Mostly, because it’s a great entertainment.
The Criterion Collection released a DVD edition of Seven Samurai at the format’s inception — the first Criterion DVD to reach the street, in fact. Early DVD adopters were happy to get it, even though it was almost a direct copy of the Criterion Laserdisc, including the commentary by Michael Jeck. The only new feature was a “restoration demonstration,” which was later removed at the request of Toho Films, making that very first Criterion pressing a collector’s item. Criterion then offered a double dip of Seven Samurai on DVD, and that is the basis for this release. Though this is a similar master, the difference in picture quality for the blu-ray edition is stunning. The full frame (1.33:1) transfer is cleaner, brighter, and more vivid than the previous standard def edition, and though there are moments of brief picture damage, the transfer is the absolute best one could hope for. Along with the restored picture, the audio has been remastered with a new Dolby 2.0 stereo track (not DD 4.0, as it was previously listed), along with the original mono (DD 1.0), both in Japanese, with optional English subtitles.
A two-disc set, the film is now presented on one disc, and the supplements on the other. The feature film disc contains two commentaries: the original Jeck track (still a high-water mark in cinematic commentaries) and a critics’ roundtable with Stephen Prince, David Desser, Tony Rayns, Donald Richie, and Joan Mellen. Alas, it’s not so much a roundtable as a series of commentaries, with each person getting roughly 40 minutes of the film to discuss. A roundtable discussion might have been more fun, but each commentator is exceptionally knowledgeable.
Disc Two kicks off with “Akira Kurosawa: It is Fun to Create” (49 min.), a multi-episode Japanese TV series that highlighted the films of Akira Kurosawa, episodes of which are also available on the Criterion releases of Ikiru, Kagemusha, The Lower Depths, Ran, and Stray Dog. This one is specifically about Samurai and features comments from Kurosawa, co-writer Shinobu Hashimoto, set decorator Koichi Hamamura, script supervisor Teruyo Nogami, and actors Seiji Miyaguchi and Yoshio Tsuchiya. This is followed by “My Life in Cinema: Akira Kurosawa” (116 min.), which has fellow director Nagisa Oshima in conversation with Kurosawa about his films and career, but focuses mainly on his rise in the ranks. The featurette “Seven Samurai: Origins and Influences” (55 min.) enlists Stephen Prince, Joan Mellen, Tadao Sato, David Desser, Tony Rayns, and Donald Richie to talk about the film and where it came from. The second disc finished out its supplements with three trailers and the film’s teaser, and two still galleries for behind-the-scenes stills and poster images. The set also comes with a booklet with essays by Kenneth Turan, Peter Cowie, Phillip Kemp, Peggy Chiao, Alain Silver, Stuart Galbraith IV, directors Sidney Lumet and Arthur Penn, and from Mifune himself. Few Blu-rays have been as essential as this one.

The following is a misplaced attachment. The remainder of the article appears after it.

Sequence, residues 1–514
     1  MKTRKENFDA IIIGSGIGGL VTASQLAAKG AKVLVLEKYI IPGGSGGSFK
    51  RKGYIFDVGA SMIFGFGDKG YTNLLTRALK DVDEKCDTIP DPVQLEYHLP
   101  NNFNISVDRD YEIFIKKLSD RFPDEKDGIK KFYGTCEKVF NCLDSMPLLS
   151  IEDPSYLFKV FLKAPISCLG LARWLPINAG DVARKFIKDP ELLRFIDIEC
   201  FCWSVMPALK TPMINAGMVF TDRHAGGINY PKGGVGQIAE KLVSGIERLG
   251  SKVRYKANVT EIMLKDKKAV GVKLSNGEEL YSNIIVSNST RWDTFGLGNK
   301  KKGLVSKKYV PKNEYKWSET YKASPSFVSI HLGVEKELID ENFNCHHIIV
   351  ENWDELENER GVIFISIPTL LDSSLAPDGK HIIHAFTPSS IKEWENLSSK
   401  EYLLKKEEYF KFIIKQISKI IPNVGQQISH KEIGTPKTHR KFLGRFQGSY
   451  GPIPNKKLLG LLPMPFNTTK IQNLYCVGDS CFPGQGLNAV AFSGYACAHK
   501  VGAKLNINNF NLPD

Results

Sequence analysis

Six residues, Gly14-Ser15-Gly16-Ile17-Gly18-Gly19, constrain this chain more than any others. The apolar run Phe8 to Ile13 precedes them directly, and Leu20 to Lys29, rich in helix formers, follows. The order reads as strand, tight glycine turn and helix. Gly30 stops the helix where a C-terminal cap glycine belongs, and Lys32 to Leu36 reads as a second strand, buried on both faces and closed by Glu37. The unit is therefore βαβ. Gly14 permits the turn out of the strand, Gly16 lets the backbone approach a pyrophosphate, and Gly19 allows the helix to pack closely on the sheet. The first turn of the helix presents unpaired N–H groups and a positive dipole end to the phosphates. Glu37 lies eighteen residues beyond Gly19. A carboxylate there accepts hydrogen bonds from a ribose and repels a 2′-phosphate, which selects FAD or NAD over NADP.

[screen captures courtesy of DVD Beaver]